We met “Screaming Mimi” a couple of years ago. When I first encountered her, I nicknamed her “Kinky”. She has a very distinct kink in her tail. I have no idea what caused that kink, since she doesn’t have any obvious scars or signs of injury. She was named “Screaming Mimi” by someone through the “Sponsor a shark” program of the Marine Conservation Science Institute. That sponsor program, is one of the ways they raise funds for the Photo ID database at Guadalupe Island.
Mimi is a very active and curious shark. When she encounters something new in the water, she exhibits a typical white shark trait. Unlike what most people think, white sharks don’t just attack when they encounter something they don’t know. They swim by close to check it out. It is actually quite funny some times. A couple of years ago, a beach towel blew overboard and started to drift down. 3 white sharks came by to investigate it. 2 of them jerked away and rapidly swam away, when the towel moved a little in the current. The 3rd. one kept swimming close to it, jerking away, and getting closer again. I don’t know if it eventually bit the towel or not, as I lost sight of both the shark and the towel in the distance.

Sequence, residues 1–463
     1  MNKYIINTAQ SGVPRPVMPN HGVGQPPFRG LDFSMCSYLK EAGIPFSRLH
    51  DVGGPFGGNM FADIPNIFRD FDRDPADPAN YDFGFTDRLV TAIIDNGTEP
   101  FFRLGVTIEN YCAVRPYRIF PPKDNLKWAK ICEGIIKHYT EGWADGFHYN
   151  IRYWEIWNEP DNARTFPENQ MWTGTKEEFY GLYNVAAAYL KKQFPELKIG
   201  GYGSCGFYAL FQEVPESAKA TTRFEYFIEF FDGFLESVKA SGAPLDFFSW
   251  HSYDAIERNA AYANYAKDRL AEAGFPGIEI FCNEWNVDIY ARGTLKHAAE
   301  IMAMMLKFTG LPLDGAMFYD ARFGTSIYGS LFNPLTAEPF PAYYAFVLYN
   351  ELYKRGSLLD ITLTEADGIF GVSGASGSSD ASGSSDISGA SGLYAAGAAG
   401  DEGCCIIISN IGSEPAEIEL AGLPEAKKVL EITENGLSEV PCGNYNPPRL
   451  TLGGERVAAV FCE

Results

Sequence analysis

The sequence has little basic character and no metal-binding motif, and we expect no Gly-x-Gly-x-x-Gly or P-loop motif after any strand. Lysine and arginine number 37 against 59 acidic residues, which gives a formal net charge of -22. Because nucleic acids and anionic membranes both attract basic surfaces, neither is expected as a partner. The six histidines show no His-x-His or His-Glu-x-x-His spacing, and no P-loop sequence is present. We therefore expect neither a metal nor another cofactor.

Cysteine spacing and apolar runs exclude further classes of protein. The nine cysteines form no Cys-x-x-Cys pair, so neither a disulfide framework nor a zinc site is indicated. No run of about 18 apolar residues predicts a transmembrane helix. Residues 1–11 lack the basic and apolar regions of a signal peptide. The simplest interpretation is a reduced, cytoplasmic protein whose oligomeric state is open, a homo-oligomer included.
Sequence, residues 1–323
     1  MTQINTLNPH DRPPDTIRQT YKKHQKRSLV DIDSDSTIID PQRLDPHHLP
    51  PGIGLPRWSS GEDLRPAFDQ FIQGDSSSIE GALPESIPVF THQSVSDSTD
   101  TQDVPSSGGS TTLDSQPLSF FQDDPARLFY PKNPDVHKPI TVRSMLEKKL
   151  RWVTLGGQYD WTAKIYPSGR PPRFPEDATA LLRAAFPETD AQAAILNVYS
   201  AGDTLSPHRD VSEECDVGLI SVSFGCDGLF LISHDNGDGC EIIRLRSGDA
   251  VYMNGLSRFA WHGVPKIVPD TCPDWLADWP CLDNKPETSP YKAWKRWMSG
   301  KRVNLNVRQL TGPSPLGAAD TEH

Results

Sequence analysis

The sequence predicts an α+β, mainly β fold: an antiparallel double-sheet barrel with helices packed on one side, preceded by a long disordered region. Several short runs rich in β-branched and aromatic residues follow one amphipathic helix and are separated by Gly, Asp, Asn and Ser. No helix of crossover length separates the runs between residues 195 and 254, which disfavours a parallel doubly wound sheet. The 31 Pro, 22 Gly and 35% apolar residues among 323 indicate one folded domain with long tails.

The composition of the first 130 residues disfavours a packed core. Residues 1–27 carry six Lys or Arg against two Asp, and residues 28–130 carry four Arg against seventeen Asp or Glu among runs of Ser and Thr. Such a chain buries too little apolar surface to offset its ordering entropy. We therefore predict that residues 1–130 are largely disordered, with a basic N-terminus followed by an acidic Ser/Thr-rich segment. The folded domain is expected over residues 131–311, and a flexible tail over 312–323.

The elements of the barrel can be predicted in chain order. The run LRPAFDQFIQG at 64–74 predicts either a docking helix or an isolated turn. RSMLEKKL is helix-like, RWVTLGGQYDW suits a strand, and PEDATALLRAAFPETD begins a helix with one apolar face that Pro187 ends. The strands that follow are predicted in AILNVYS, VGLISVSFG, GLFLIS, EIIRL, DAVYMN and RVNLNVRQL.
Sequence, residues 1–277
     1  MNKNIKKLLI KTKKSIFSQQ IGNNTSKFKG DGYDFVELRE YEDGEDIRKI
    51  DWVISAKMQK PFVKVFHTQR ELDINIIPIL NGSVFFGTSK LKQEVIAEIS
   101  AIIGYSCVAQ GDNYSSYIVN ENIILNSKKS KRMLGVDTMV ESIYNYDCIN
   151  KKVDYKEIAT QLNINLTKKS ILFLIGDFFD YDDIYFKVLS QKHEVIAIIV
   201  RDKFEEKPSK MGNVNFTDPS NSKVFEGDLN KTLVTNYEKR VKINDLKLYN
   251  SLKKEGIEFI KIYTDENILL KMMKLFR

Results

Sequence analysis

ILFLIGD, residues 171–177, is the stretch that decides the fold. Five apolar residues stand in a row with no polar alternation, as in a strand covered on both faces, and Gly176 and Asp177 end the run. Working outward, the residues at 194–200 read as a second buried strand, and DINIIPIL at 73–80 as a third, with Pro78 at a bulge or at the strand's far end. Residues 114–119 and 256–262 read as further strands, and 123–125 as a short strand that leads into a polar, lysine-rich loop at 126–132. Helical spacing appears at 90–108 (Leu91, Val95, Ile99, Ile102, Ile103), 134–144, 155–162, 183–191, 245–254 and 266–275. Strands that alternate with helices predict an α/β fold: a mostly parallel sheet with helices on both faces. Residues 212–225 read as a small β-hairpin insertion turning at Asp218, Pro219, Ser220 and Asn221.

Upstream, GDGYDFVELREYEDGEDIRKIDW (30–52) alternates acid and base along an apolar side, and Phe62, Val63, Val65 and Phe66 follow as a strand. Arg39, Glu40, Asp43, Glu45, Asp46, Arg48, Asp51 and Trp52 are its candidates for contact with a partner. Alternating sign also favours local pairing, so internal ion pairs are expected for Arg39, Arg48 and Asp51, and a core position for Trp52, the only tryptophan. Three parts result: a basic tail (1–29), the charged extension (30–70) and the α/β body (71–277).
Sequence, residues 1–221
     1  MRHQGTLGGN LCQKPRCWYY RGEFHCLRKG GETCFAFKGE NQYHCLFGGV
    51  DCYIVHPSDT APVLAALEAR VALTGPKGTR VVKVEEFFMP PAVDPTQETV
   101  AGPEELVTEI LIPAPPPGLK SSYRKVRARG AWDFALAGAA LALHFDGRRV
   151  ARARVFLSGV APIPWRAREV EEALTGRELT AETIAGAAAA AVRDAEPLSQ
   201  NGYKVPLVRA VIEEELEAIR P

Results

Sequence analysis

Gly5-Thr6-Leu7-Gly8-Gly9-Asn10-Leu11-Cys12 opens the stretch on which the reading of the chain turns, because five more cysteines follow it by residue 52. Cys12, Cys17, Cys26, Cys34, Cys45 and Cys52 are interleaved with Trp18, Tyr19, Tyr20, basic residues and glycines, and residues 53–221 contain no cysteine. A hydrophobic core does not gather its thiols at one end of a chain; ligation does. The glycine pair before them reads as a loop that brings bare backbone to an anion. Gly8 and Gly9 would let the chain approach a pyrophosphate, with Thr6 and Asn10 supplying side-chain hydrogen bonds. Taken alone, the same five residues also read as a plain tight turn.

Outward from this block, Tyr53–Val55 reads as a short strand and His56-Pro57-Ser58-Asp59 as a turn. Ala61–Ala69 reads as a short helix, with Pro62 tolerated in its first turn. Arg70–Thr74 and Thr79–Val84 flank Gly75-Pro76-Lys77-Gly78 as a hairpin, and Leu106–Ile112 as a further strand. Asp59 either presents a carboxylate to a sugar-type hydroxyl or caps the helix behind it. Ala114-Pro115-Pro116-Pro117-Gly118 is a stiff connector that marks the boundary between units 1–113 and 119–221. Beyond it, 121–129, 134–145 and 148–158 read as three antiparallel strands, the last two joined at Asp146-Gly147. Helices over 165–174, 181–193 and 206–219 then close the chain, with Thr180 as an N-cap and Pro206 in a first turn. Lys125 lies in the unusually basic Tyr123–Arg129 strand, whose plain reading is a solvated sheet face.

Watch the video below of Mimi checking out my gopro camera that was attached to a long pole and handled from the boat.
You can see that they don’t just attack something they don’t know. The swim by and check things out first.
|Screaming Mimi ©Tim Peterson|
Mimi also likes to swim really close to the cages and makes eye contact with the divers.
Mimi is around 14′ long and not quite mature yet. It is amazing how big these sharks have to be, before they are mature and able to reproduce.
I hope we’ll see her again this year. She loves to swim around the cages, sometimes for hours. It never ceases to amaze me that we keep seeing the same individual sharks year after year. It’s not like they are resident sharks. The migrate thousands of miles each year, but come right back to the same spot at Guadalupe Island.
If you want to come face to face with a great white shark and would like to learn how to identify these sharks, join us on one of our “science” expeditions. We do have some spaces open and would love to introduce you to our sharks.
Call 619.887.4275, email email@example.com or visit www.sharkdiver.com for more information.
Let’s go shark diving!
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About Shark Diver. As a global leader in commercial shark diving and conservation initiatives Shark Diver has spent the past decade engaged for sharks around the world. Our blog highlights all aspects of both of these dynamic and shifting worlds. You can reach us directly at firstname.lastname@example.org.